4 colour maps, 222 colour photos, 3 graphs
The following study focuses on an ethnic group living in the Nuba Mountains of Sudan. Several ethnic groups share a common geography in Sudan’s Southern Kordofan Province, which encompasses the approximately 50,000 km² wide Nuba Mountain range. The ethnic group of the Tima is one of the smaller societies of the region who live in the western area of the Mountains.
There are over forty Nuba tribes inhabiting the Nuba Mountains and as many different languages. The number of the population of the Tima is estimated at approximately 7,000. The Tima are agriculturists cultivating mainly sorghum, millet, sesame, peanuts, tomatoes, okra, hibiscus, onions, and garlic. In private gardens, located close to , some mango, guava, and lemon trees grow as well. Furthermore, watermelons are cultivated on some fields. Before the war, when the market for cotton was still profitable, the Tima also grew cotton as a cash crop.
Between 1987 and 2002, the region was a battle zone in the Second Sudanese Civil War and the area was continually devastated. After the Comprehensive Peace Agreement (CPA) was reached in 2005 and the final independence of South Sudan, international organizations invested in the region and some minor development started, but the future of the Nuba Mountains remains uncertain. Due to wars, instability, and the isolation of the area during the last decades, academic research has rarely been conducted and has only been possible within brief time spans. Consequently, the area of the Nuba Mountains has been fairly neglected by academic scholars compared to other areas within Sudan.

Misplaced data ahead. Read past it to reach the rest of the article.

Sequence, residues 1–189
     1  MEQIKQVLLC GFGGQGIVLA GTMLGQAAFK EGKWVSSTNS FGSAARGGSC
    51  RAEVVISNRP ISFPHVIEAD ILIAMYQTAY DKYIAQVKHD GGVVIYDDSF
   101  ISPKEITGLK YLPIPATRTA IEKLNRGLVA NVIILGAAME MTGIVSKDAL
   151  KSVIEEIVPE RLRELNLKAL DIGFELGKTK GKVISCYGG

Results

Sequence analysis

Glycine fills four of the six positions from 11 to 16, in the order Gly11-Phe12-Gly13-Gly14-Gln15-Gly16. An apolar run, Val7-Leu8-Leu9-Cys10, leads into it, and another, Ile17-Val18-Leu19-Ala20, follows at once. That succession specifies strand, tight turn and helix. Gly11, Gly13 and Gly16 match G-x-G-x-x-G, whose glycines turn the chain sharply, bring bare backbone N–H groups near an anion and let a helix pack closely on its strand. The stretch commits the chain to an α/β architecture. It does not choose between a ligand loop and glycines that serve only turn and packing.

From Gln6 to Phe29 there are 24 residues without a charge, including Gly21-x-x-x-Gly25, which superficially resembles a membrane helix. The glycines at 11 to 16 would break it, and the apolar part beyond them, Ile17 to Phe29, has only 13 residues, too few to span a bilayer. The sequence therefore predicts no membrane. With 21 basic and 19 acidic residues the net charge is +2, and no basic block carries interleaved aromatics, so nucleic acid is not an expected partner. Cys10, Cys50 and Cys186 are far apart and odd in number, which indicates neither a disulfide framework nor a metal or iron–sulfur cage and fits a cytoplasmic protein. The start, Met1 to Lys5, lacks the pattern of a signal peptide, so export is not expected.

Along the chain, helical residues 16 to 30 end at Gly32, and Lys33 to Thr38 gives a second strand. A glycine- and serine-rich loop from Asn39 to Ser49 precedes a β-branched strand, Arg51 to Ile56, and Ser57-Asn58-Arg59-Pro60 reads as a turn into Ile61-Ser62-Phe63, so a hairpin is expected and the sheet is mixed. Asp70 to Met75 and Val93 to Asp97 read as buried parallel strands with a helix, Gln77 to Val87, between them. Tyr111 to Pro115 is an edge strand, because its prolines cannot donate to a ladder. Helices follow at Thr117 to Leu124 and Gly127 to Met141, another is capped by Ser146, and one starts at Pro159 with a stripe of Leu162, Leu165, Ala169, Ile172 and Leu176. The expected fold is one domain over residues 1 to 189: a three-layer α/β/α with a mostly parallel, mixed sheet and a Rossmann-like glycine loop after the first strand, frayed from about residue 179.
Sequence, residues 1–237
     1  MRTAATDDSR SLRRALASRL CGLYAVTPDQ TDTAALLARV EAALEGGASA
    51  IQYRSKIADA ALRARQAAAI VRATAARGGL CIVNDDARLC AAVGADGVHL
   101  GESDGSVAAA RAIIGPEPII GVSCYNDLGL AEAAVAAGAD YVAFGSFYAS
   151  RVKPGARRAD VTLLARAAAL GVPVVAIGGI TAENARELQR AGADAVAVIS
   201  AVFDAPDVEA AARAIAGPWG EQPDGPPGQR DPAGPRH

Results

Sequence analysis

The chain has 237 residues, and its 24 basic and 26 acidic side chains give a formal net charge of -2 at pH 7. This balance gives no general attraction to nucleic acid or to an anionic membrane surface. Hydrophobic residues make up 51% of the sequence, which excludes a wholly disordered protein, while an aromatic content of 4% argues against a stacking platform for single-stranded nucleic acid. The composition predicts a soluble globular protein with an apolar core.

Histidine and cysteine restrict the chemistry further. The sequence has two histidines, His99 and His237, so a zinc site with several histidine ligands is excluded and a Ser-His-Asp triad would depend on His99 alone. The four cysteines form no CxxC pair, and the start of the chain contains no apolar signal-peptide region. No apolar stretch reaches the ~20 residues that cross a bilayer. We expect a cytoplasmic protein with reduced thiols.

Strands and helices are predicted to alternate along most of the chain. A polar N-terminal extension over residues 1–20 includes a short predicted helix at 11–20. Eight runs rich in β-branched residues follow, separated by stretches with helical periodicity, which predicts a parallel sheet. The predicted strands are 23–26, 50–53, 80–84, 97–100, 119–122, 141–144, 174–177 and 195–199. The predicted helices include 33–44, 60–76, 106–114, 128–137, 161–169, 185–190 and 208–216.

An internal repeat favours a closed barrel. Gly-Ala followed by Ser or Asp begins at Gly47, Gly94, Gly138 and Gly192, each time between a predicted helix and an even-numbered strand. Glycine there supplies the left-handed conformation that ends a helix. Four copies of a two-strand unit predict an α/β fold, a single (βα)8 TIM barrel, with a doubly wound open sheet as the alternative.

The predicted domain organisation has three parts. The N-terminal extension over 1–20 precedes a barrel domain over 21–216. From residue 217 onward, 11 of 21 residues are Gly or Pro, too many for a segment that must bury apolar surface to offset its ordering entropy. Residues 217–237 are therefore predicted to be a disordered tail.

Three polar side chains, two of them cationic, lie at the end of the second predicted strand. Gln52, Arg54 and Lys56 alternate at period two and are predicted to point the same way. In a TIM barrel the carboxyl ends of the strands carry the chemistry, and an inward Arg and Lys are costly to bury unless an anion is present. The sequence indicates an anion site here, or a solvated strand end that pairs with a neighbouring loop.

The ethnographic data presented here, collected between 2009 and 2011, contributes to the region’s study and to the social anthropological description of the Nuba Mountains. The study combines empirical ethnographic data collected during three field studies conducted in Khartoum and in the six villages of the Tima. Empirical data were collected in Arabic through semi-structured qualitative interviews, the collection of oral histories, participant observation, and multi-media documentation of places, rituals, ceremonies, dances, and games.
For at least the last fifty years, the ethnic group of the Tima has undergone many cultural, religious, social, and political changes. Many parts of Tima society, such as its language, its unique and characteristic cultural facets, including dances, songs and games, and its religious belief in the kajara as spiritual and social leaders are now extinct customs or on their way toward extinction. This ethnographic documentation therefore seeks to contribute to the study of the Tima during a very vulnerable political phase where future changes are unpredictable.